Frankly, they have already intersected. The magic word here is sustainable and certified organic by MOFGA. It is spontaneously fermented with native yeasts, having no fining or filtering. This is both a political statement and a call to arms against the industrially produced wine world.
We poured it blind for our wine savvy neighbors and there was a “wow, what is this?” gasp. It is frothy, Lambrusco like, and has aggressive funk with a very slight blueberry finish. Unlike the Bluet, this is clearly a labor of love versus a more commercial endeavor.
We were all dismayed with the serious price when compared to the others. There seems to be an extreme artisanal economy of scale happening (480 case total production, kept cold in stores). Once you just get past the funk, and if that is your aesthetic, then this is your perfect beverage.
Actually, it pairs up well with a local blue cheese. I liken it to a celebration wine for a couple whose student loans have just been paid off. I like to keep my “Tuesday night” wines to around $10 per bottle or so. There are a zillion great values out there in wine world.
East Coast Wine, Persevere!
East coast wine continues to make great strides in quality, diversity, and beverages that reflect the lifestyles of the region. New wine regions do not appear overnight. They take decades to evolve, change directions, discover themselves, and grow.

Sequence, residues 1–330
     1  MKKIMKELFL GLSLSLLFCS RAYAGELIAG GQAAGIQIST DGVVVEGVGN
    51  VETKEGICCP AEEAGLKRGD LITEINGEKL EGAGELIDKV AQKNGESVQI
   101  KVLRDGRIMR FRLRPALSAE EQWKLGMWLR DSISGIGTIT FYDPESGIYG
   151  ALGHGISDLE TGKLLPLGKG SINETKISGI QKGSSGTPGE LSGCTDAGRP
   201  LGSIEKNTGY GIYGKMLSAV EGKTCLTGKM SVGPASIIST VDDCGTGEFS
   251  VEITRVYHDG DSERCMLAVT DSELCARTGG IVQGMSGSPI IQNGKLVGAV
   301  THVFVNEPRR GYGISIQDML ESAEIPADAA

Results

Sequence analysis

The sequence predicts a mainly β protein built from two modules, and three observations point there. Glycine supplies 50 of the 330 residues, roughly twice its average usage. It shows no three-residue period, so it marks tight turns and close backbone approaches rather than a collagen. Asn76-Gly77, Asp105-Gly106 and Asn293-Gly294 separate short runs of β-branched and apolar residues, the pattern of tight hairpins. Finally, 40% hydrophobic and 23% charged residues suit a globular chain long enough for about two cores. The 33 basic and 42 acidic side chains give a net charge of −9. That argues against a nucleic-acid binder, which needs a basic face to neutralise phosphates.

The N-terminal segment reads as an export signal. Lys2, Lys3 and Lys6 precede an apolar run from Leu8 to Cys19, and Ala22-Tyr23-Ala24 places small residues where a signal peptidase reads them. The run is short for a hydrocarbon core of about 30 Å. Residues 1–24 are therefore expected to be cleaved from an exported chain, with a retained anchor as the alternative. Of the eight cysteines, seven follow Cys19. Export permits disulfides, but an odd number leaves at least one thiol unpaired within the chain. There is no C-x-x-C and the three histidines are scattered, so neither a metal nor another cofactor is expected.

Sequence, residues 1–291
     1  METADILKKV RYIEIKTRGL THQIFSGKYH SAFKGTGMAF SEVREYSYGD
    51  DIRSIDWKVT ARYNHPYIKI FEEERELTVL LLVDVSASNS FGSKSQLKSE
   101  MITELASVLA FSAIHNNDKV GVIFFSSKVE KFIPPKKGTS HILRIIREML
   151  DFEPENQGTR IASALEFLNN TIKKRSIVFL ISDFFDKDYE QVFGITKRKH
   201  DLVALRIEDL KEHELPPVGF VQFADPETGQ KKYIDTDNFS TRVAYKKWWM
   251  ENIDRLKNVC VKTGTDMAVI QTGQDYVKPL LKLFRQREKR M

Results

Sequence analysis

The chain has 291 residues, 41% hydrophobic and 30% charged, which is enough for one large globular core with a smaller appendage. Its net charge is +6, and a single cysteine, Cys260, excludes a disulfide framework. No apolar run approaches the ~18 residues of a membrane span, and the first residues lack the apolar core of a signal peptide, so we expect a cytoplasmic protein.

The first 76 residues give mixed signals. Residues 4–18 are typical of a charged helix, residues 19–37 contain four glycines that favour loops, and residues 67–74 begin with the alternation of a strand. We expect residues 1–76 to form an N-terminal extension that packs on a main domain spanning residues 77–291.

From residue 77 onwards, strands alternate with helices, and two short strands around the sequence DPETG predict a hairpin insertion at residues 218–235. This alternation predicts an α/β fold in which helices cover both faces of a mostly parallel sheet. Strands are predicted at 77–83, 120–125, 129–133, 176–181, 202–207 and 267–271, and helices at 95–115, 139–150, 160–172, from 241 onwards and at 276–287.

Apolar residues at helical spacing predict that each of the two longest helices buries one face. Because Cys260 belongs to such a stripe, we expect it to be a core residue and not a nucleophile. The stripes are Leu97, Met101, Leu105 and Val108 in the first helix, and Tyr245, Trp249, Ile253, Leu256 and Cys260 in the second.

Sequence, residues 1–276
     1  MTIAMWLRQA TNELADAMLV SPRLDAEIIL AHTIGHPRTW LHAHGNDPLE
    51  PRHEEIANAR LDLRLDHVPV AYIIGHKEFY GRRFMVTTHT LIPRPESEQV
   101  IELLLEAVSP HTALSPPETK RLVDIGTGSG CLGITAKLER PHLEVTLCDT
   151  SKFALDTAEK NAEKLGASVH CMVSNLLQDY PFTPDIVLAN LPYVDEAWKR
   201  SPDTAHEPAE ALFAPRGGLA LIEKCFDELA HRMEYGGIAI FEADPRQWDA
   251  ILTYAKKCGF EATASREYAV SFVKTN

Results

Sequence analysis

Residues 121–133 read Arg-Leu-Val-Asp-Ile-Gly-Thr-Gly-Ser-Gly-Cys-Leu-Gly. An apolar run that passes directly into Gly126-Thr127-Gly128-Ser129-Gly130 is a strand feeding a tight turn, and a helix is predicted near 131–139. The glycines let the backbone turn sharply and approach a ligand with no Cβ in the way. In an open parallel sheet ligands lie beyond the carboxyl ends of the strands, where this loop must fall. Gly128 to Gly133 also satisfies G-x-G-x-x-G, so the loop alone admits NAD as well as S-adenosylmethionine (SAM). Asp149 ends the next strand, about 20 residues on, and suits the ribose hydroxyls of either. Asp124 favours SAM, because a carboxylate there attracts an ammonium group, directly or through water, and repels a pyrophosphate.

A famous Washington State winery owner was asked when his new plantings of the Syrah grape would make great wine. He replied, “In twenty to thirty years.” When the same question was posed to a French winegrower on his recent plantings, he replied, “Probably three generations.” The operative word here is to persevere.
Layne has been a professional in the wine business for many decades as a teacher, importer, writer, competition judge, and winery CEO. He was awarded the Master Knight of the Vine for his pioneering work in the Oregon wine industry. Read more from Layne at http://winemaniacs.wordpress.com/blog.